Therefore, false teachers’ sins were not paid for in the atonement of Christ.

Contrary to what some Christians believe today, people who reject Christ’s lordship are not merely to be designated as second-class Christians (as believers but not disciples). Instead, those who reject Christ’s sovereign lordship will face swift destruction if they do not repent from such rebellion (cf. Heb. 10:25–31). Swift (tachinos) means “quick,” or “imminent,” and destruction (apōleia) refers to perdition or eternal damnation in hell (cf. Matt. 7:13; John 17:12; 2 Thess. 2:3). This horrible fate, coming either at death or at Christ’s return (John 12:48; 2 Thess. 1:7–10) awaits false teachers and all who follow their unrepentant path.[4]

1 In the present argument, the writer does not designate his adversaries as “false prophets”; rather, the term pseudoprophētai (GK 6021) is applied to deceivers who arose “among the people,” i.e., Israel of old. What the text does say is that “there will be false teachers among you.” The verbal tense is important, for it suggests that the Christian community will need to be on guard in the future.

Against the tendency of traditional scholarship to locate 2 Peter in the early or mid-second century, this description fits well in a mid-sixties scenario in the first century. Ethical lapse has visited the church as it seeks to take root in Gentile culture. Such occurs long before the noted (Gnostic) heretical schools of the second century are established. The appearance her of the term haireseis (GK 146), from which we derive the word “heresy,” has further fed the misconception that 2 Peter mirrors a late date—a date in which heresy is already widespread. However, Paul, writing in about the year AD 55, also uses the term in the sense of “factions” or “divisions” (1 Co 11:18). The phrase “destructive heresies” can be understood in the sense that the opinions or teachings of Peter’s opponents lead ultimately to their own ruin (so Bauckham, 239–40).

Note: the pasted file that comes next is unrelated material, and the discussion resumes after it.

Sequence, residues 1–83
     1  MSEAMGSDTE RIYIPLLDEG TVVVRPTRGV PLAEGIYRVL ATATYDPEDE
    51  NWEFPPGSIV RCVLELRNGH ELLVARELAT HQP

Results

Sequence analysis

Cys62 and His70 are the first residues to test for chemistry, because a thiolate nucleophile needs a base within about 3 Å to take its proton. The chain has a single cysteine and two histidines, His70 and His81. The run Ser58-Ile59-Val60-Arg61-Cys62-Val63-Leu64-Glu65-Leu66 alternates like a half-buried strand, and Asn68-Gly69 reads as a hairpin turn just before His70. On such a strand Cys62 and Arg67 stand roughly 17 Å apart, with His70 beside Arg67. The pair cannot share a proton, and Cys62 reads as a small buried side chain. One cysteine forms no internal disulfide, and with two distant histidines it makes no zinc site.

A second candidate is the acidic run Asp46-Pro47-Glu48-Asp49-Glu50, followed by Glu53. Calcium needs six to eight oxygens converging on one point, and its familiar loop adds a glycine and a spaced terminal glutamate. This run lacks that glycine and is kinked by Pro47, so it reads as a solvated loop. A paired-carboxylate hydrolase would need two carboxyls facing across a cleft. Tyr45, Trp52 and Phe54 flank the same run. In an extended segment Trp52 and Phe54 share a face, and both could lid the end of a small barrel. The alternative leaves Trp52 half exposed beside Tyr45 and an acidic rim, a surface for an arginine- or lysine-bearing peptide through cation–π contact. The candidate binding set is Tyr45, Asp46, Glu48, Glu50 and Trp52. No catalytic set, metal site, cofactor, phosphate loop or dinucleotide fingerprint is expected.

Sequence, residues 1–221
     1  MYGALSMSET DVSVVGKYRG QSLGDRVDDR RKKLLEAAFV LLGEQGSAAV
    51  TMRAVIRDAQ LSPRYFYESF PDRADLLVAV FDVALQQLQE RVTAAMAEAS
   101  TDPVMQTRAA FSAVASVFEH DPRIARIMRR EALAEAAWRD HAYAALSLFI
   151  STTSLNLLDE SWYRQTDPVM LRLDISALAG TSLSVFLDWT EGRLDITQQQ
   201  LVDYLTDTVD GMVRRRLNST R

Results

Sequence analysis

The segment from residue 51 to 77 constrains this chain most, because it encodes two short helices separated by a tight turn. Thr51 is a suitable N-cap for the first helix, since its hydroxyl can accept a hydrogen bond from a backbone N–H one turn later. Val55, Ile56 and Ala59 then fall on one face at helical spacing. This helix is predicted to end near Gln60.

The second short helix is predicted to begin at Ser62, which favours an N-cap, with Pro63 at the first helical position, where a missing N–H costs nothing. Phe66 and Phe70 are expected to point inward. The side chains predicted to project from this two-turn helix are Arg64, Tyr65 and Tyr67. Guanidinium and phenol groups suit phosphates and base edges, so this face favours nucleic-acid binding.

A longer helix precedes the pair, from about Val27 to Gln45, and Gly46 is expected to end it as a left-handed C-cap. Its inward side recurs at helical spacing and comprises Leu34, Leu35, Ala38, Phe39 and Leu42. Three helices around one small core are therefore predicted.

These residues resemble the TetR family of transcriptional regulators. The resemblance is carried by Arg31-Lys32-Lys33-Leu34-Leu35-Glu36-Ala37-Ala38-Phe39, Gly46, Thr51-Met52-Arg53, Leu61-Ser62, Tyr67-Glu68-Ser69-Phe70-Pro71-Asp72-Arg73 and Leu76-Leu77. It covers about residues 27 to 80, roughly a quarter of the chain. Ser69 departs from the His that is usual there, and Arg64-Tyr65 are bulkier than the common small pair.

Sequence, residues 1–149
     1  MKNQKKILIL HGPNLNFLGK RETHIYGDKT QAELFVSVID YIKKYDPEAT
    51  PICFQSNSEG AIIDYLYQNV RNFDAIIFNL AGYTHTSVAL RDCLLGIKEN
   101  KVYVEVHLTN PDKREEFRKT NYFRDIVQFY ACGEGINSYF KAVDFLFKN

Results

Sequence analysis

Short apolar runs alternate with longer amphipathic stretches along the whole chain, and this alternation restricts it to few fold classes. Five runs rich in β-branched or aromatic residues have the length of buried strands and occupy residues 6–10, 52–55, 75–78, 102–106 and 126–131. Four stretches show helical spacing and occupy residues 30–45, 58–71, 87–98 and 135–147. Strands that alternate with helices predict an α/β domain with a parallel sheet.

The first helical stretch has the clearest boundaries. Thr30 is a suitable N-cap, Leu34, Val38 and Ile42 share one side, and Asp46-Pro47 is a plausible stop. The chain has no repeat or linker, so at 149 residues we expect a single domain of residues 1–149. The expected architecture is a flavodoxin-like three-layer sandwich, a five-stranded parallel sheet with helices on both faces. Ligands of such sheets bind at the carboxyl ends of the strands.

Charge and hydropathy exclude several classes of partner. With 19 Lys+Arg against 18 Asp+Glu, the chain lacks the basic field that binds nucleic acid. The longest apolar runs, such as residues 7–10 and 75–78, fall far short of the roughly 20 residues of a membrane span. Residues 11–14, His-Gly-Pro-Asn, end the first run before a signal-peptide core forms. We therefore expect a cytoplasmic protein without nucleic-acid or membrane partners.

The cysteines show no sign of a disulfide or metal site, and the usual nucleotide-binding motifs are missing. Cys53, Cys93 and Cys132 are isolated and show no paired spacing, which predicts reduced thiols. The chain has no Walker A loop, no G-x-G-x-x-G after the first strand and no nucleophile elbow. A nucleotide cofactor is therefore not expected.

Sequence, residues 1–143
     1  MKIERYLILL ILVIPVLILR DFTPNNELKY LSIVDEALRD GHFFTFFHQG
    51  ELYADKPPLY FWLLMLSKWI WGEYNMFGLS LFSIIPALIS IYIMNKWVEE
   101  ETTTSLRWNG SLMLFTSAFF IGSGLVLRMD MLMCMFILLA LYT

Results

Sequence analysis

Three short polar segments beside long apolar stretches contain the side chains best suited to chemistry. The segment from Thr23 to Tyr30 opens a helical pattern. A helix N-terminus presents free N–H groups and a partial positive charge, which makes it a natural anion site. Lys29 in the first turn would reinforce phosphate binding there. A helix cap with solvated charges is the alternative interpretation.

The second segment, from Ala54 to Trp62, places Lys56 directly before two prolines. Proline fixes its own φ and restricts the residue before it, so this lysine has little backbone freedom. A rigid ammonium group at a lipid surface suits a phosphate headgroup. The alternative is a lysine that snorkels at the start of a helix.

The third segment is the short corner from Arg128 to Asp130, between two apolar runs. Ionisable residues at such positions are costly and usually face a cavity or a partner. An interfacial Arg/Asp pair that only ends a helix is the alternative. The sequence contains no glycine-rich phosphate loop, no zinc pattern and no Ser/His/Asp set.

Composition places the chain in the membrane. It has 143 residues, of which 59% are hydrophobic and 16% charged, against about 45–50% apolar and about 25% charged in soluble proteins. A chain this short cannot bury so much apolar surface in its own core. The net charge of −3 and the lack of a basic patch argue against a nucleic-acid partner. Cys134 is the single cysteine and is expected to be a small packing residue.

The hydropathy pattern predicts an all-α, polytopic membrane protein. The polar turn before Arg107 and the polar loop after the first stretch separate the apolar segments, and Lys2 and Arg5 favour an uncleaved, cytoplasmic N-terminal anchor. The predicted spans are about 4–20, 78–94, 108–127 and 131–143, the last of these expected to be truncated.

The slave-market metaphor, also in 2:19, is employed in v. 1: “even denying the sovereign Lord who bought them” (cf. Jude 4, where the same language is used of Jude’s opponents). What sort of denial might this be? As with Jude’s adversaries, these people have apparently made a confession of faith at one time and now have departed from the faith. The denial, as Green, 107, observes, is primarily ethical and not intellectual in nature. The slave metaphor, reappearing in 2:19, confirms this suspicion.[5]

[1] Tozer, A. W., & Smith, G. B. (2015). Evenings with tozer: daily devotional readings. Chicago, IL: Moody Publishers.

[2] MacDonald, W. (1995). Believer’s Bible Commentary: Old and New Testaments. (A. Farstad, Ed.) (pp. 2294–2295). Nashville: Thomas Nelson.

[3] Kistemaker, S. J., & Hendriksen, W. (1953–2001). Exposition of the Epistles of Peter and the Epistle of Jude (Vol. 16, pp. 280–282). Grand Rapids: Baker Book House.

[4] MacArthur, J. F., Jr. (2005). 2 Peter and Jude (pp. 69–76). Chicago: Moody Publishers.

[5] Charles, D. J. (2006). 2 Peter. In T. Longman III & D. E. Garland (Eds.), The Expositor’s Bible Commentary: Hebrews–Revelation (Revised Edition) (Vol. 13, pp. 396–397). Grand Rapids, MI: Zondervan.


When the young man heard that saying, he went away sorrowful: for he had great possessions.